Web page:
The Fairy Realms fill our lives with mystery and wonder. There are so many kinds of fairies, it may be difficult to distinguish one from another, like with Fairies and Sprites. What’s the difference?
Sprites are fairies but they are as souls and water whereas Fairies are a general name and an entity.
But there is a poignant distinction when discussing Sprites and Fairies as separate entities.
Sprites are a Fairy race who live near water and have clear subclasses. They might be the soul of someone who passed away or the classic notion of a mystical shade.
Sprites have a short temper that’s easy to inflame. This is because they feel disrespected or are exercising impatience. When this happens, they will strike a person with madness without remorse.
They are artistic, adroit, and agile with a stanch resemblance to Fairies. Their habitat is often near water, where it’s tranquil and cool. They frolic with Nymphs and play pranks on or grant wishes to humans.
When we refer to people being “sprightly,” we’re inferring they are lively. In other words, they take on the characteristics of a Sprite. This comes from older Latin and French words for “spirit.”
The “Lamiak” are water-dwelling Sprite-like beings in Basque mythology and a “Nixie” is an old German word for a water Sprite. The “yōkai” is a similar being to Japanese culture.
Sylphs, are a subclass of and share common genes with Sprites. Some people argue that Leprechauns are also Sprites because of how they grant wishes to humans.
The first sprite sighting happened somewhere around 1300 AD. Many people often report seeing females with a comb made of gold. These little ladies can change the color of trees in Autumn.
Sprites often get involved with human affairs. Because of this, they relish playing tricks of the heart, causing humans to fall in love with them. This behavior inspires poets and artists to create great works.
Many writers over the decades give detailed descriptions of Sprites that offer clues into how they look, work, live, and play. Some of these images are with us today.
Specific Tales & Legends
The Lady of the Lake, from tales surrounding King Arthur and his knights of the round table, is very much a sprite. She gave King Arthur his right to kingship by gifting him Excalibur, a magical and immortal sword.
She lives in water, has a “sprightly” appearance, and grants Arthur’s ultimate wish: to be king of England.
Ariel is a famous Sprite from “The Tempest” by Shakespeare. The villain Prospero coerces her to do his bidding after being his prisoner.
A more modern sprite is Oona from the movie “Legend” in 1985 by Ridley Scott. She is a magical thing who changes sizes and attempts to seduce a kiss from a human. Two instances display her temperament.
The first was upon revelations of her sprightliness due to her shape-shifting abilities. The second is after experiencing rejection for her kiss by Tom Cruise’s character. She explodes in anger and threatens to dance his life away.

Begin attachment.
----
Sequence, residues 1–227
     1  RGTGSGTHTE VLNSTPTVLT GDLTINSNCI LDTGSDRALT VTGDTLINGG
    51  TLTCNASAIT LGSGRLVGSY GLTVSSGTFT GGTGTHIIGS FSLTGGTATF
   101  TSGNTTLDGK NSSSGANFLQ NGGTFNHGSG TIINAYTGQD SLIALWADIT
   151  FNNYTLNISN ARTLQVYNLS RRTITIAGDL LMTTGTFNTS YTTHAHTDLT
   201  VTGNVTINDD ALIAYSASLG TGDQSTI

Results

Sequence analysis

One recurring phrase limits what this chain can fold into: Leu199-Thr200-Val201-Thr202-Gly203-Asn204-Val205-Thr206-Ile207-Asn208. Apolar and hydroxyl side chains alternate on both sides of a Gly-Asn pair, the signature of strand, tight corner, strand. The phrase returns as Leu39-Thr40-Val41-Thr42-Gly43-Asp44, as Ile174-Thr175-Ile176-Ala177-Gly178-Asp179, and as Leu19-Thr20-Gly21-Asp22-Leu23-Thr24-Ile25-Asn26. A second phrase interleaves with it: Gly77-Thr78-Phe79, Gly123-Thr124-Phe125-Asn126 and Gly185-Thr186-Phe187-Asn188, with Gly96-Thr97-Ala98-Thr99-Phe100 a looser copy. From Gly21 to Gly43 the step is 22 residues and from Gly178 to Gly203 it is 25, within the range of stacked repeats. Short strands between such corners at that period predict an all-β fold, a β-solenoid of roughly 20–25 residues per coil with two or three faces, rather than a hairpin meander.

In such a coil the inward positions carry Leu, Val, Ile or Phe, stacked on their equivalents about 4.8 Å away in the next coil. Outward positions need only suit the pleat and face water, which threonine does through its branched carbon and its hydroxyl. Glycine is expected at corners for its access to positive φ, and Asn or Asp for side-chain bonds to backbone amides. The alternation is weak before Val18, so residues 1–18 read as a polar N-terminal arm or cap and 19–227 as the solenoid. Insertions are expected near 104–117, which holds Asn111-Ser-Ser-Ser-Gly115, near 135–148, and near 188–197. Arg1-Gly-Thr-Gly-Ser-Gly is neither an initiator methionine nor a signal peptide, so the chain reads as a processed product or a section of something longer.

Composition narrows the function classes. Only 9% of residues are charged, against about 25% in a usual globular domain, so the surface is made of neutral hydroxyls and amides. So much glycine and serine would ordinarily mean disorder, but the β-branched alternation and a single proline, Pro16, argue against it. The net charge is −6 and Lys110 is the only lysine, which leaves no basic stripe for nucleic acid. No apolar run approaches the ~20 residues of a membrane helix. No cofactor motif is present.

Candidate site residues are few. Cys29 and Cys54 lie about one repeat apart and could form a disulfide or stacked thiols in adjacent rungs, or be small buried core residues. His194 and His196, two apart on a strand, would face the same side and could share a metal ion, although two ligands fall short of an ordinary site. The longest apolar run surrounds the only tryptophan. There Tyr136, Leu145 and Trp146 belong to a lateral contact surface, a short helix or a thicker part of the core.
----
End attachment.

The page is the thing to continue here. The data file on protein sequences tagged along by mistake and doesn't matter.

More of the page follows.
Because Fairies are their being and their name also identifies the race, they reside worldwide. From northern Europe and Russia to Asia and Africa as well as the Americas, Iceland, and even Antarctica, fairy tales abound.
There are over 1000 varieties of fairy and they cover the gamut of being tricksters, helpers, guides, protectors, and friends. Elves, Sprites, Pixies, Goblins, Sylphs, Trolls, Leprechauns, Brownies, Gnomes, Fairies, and the like all belong to the Fairy genus.
Faires are integral to Celtic mythology with some descriptions dating back to 400 BC. Some archaeologists link Fairies with European death cults from 9000 to 8000 BC.
Etruscan paintings from 600 BC show little winged humans called “Lassa,” who attend gods and are messengers of the dead. Even ancient Anglo-Saxon charms from 800 AD pray for protection against their mischief.
Fairy Power & Magic
Almost all Fairies and their races are a part of and care for the natural world. A myriad of legends and stories say they have dominion over elements like fire, air, earth, and water. Some myths tell us they inaugurate the seasons and yet other legends relate how different Fairies rule over each season.
Individual fairies have their special powers, some of which they perform in the human world. But almost all can appear or disappear at will. What gives them invisibility is ingesting Faerie Weed, which is toxic to humans.
Many reports of Fairy sightings are due to identifying and interacting with their haunts and hideouts. Certain mounds, stones, and circles of toadstool mushrooms can indicate their presence.
After a night of dancing and revelry, toadstool mushrooms grow from the dust Fairies leave behind before returning to their secret realm.
Time & Entrances
In their home beyond human sight, time and space don’t flow in the same way. One night in the land of the Fae is equal to several human years.
The legend of “Rip Van Winkle” and the story of “Darby O’Gill and the Little People” relate and warn against their alteration of time.
Most entrances to the secret world of fairies are at the trunk of a tree. Popular belief determines these be old Oaks, but some tales say other places, like a blooming lotus in Spring, are the entranceway.
To enter the hidden Fairy world, you must receive an invitation or have a piece of iron to block the entrance. Fairies tend to find iron toxic, so they won’t touch it.
Since 2013, a Spanish Photographer traveled to Iceland on many occasions because she believes Fairy folk live there. It’s not a bizarre prospect since there’s a school for Elves in Reykjavik called the “Álfaskólinn.”
Fairies are not only their race but the word “Fairy” also classifies all races of wee folk, including Sprites.
So, for the sake of understanding, all Sprites are Fairies but not all Fairies can be Sprites. Their close relationship with death is the key to understanding their mysteries.